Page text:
Voicing and tuning are important elements of great tone. A great guitar has great tone, great playability, and great appearance, in that order. Fancy wood, a high gloss finish, and lots of Abalone inlay are visually beautiful but have nothing to do with making a great sounding guitar.
What is voicing and tuning? In a nutshell, voicing is the process of building a guitar using carefully made decisions and techniques with the goal of shaping the tone in a specific direction. Tuning relates to the fundamental resonances and purity of the tone.
There are as many theories and techniques about how to voice a guitar as there are builders, it seems. Some try to achieve it through scalloping the braces or sanding the Spruce top to a certain flexibility. Many insist that it is the species of wood that makes all the difference. Others experiment with different bracing materials and patterns. Many luthiers tap on Spruce plates as they carve the braces, listening for the type of ring and sustain that they feel will give the right sound to the completed guitar. These ideas all have their place, but many of them are arbitrary and result in a lot of inconsistency. We’ve all heard guitars of the same brand, made of the same species of wood, that sound very different from each other. Other ideas simply don’t hold up in the light of science and in practice.
I’ve had more than one hand builder tell me that mystery is part of the process and each build is somewhat like a roll of the dice. I strongly disagree with these types of statements. By carefully selecting tops with specific material properties, and tuning the top and back to specific target resonances during the building process, guitars with consistent tonal qualities are produced. And consistency is key, not only because customers want to know that their guitar will sound great but also because consistency demonstrates that the luthier is voicing with repeatable skill and not just getting lucky every once in a while!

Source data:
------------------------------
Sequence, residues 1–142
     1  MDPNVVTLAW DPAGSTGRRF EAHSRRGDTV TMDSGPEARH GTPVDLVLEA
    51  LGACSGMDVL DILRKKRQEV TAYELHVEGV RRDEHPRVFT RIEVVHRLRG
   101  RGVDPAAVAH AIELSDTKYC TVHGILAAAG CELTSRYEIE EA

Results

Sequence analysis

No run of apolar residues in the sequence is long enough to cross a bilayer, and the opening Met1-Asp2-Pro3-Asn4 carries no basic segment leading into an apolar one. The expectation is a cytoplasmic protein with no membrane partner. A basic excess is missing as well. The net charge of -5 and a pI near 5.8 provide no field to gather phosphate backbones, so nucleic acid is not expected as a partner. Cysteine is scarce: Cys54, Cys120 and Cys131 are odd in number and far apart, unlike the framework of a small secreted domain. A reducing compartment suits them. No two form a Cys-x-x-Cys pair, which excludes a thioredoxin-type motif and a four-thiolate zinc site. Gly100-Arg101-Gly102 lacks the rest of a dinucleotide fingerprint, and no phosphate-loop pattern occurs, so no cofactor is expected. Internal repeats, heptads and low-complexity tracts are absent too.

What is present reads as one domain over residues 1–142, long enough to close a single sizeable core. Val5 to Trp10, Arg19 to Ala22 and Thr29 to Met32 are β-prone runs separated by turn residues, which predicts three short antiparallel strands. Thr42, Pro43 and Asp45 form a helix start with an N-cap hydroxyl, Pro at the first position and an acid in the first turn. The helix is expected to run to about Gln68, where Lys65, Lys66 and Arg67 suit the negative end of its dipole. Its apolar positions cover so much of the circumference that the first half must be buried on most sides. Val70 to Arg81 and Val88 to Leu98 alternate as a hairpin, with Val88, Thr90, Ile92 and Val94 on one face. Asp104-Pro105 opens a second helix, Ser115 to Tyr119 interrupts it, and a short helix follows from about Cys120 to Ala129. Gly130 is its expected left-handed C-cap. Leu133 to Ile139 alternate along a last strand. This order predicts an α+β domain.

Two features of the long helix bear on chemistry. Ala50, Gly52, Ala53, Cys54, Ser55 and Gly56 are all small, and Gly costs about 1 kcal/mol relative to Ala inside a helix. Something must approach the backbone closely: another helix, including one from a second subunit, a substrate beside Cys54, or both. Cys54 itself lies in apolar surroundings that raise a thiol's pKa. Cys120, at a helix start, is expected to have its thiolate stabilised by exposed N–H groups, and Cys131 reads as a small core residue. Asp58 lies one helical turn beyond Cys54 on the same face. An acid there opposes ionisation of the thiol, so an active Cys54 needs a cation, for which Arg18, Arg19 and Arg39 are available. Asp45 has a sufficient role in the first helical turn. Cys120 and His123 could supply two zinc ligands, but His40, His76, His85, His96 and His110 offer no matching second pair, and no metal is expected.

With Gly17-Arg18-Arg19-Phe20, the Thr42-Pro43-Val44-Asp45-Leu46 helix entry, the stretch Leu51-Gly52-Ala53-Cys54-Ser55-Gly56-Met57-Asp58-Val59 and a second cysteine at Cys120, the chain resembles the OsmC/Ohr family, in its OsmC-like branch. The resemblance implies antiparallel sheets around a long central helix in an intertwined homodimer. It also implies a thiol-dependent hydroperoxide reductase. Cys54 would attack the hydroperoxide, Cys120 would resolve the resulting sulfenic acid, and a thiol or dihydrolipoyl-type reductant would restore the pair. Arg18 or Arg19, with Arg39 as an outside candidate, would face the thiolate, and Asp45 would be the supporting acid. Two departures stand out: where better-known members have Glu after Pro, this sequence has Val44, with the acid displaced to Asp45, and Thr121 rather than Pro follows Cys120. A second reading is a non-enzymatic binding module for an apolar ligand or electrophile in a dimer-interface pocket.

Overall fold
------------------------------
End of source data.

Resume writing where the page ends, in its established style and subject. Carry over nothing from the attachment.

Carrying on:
I have studied advanced voicing and tuning techniques with a couple of pioneers on the subject, including Trevor Gore, the internationally known co-author of the well-known set of books, “Contemporary Acoustic Guitar Design and Build.” Gore, who holds a PhD. in Engineering, launched his own investigation into the supposed mysteries of acoustic guitar tone and has now quantified his findings in his books. His premise is simple: Guitars create tone based on how they vibrate; change the way they vibrate and you will change the way they sound. However, actually accomplishing this successfully is a learned art. I have spent many years and thousands of dollars learning to implement multiple techniques that have resulted in guitars that stand out from the crowd.
My process begins with the all-important task of measuring the material properties of potential top wood. These properties include density, modulus (inherent strength), speed of sound, and mass/square inch which related to the weight of the completed top. I will not build with wood that does not fall within the narrow range of properties I am looking for that relate to great tone. This part of my process separates me from the majority of builders who simply seek to make the best of the wood they have, rather than seeking the best wood.
These superior tops are then thinned to a target deflection based on modulus, rather than an arbitrary number based on species, or by hand-flexing which can be different with each person. Modulus determines how thin a plate can safely be taken to, and a thinner plate along with low density will be a lighter plate. Mass (weight) damps vibration, especially in the treble register. I then tune the top plate, along with the back, to target resonances that don’t fall on scale notes. All of this produces guitars with noticeably better projection, clarity, balance, and separation.
For those players who want the very best in tone and know it when they hear it, owning an individually voiced and tuned instrument is essential. There is no substitute for the skilled human hand. As the late Bill Collings said, a truly great guitar must be manipulated by human hands; something mass produced by robots and CNC machines is just a guitar-shaped object. And that’s why I say Dogwood Guitars have … “Old School Tone, Down to the Bone!”